Stonewalling Justice: Why the Supreme Court Should Reconsider Stone v. Powell

20 Pages Posted: 23 Aug 2012

Date Written: August 23, 2012

Abstract

Roughly three decades ago, in Stone v. Powell, the Supreme Court prevented habeas review of Fourth Amendment claims, citing the exclusionary rule’s deterrence rationale as well as social costs to justify limiting review. This article examines the rationale of Stone according to the Court’s own announced goals and implicit logic and challenges the legitimacy of the Court’s holding. Stone offers several justifications — primarily based on the Court’s understanding of the Fourth Amendment and the exclusionary rule at the time — to reach its result. But why are Fourth Amendment claims, unlike other constitutional claims related to the introduction of evidence in a criminal trial, barred from review in a habeas proceeding? Does refusing to hear Fourth Amendment claims in habeas proceedings render the Fourth Amendment a dead letter by denying the constitutional rights of some citizens?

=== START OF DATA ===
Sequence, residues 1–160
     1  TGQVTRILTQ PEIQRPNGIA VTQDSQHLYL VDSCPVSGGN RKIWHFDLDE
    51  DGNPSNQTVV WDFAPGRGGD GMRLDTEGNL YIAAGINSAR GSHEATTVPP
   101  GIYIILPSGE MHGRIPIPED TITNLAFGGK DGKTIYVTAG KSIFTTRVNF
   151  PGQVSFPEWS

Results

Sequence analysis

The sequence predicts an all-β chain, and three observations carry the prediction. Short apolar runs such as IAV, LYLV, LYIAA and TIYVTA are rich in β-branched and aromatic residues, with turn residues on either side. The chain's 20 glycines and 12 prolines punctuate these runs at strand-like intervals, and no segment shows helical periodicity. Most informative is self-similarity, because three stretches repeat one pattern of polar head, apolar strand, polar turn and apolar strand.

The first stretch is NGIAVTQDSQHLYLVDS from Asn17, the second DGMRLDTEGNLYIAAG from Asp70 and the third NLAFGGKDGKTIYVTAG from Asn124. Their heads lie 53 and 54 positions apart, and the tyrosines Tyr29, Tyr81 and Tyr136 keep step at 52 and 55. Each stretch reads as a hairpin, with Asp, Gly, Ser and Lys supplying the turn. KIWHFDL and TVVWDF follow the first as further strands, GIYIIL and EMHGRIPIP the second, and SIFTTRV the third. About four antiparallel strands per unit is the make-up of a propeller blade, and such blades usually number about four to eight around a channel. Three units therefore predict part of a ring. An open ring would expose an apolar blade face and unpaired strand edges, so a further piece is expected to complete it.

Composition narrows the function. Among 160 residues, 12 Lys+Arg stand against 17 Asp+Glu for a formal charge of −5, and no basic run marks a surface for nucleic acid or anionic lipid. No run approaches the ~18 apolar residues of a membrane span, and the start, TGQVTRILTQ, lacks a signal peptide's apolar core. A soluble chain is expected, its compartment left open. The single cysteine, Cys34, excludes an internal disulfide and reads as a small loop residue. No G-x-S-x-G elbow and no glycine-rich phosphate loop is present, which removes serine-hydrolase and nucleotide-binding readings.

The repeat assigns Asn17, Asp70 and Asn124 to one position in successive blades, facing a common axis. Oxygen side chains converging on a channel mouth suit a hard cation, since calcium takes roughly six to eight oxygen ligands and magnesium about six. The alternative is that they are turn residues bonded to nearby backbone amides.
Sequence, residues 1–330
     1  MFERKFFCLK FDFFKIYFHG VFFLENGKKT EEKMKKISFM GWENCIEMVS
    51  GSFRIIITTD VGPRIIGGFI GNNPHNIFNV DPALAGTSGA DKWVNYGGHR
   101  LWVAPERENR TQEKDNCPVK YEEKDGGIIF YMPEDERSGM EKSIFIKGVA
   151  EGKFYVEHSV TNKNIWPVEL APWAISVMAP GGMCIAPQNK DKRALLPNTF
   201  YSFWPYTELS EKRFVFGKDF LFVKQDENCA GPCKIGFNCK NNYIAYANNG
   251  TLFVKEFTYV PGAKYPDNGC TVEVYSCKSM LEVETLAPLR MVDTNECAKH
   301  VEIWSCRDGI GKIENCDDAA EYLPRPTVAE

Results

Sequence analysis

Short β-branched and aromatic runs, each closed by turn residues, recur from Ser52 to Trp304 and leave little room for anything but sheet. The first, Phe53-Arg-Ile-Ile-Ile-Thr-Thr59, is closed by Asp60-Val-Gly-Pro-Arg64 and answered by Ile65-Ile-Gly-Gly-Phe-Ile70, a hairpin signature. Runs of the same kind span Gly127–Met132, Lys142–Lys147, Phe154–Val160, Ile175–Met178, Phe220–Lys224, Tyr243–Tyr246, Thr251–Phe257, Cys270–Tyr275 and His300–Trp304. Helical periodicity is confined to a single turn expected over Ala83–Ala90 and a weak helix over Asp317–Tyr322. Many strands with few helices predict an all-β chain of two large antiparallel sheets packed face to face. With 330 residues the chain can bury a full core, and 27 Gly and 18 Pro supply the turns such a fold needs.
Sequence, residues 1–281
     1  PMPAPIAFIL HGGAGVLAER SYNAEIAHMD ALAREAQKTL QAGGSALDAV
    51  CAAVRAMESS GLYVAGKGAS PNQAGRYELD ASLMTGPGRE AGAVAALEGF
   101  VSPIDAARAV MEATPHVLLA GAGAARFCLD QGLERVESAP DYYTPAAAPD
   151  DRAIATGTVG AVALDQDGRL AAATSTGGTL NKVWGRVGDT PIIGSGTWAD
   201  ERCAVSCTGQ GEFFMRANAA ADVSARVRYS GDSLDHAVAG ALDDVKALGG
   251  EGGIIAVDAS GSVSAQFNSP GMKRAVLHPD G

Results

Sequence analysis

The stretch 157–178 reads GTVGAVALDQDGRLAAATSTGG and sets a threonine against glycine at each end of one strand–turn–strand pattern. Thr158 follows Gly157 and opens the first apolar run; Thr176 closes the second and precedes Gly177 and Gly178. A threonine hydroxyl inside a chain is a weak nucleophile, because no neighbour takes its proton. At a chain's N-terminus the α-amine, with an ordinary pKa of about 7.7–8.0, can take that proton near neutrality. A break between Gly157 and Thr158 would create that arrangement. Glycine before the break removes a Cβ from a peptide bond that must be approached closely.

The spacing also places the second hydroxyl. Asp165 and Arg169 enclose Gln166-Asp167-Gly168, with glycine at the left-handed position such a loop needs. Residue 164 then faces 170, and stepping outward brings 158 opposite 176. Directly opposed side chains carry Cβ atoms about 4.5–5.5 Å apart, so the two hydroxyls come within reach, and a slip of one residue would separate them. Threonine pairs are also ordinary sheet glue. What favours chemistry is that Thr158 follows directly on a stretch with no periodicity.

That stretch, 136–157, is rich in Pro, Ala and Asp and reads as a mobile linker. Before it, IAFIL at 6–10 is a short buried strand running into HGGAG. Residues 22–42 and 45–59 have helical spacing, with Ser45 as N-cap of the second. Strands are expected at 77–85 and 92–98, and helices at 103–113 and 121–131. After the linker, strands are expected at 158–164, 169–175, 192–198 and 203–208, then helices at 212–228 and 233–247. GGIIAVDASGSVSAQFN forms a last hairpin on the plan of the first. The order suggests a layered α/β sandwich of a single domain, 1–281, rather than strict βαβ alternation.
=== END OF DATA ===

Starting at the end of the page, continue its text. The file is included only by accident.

Keywords: Habeas Corpus, Fourth Amendment

Suggested Citation

Murray, Brian, Stonewalling Justice: Why the Supreme Court Should Reconsider Stone v. Powell (August 23, 2012). Available at SSRN: https://ssrn.com/abstract=2135315 or http://dx.doi.org/10.2139/ssrn.2135315

Brian Murray (Contact Author)

Seton Hall Law School ( email )

One Newark Center
Newark, NJ 07102
United States

HOME PAGE: http://https://law.shu.edu/faculty/full-time/Brian-Murray.cfm

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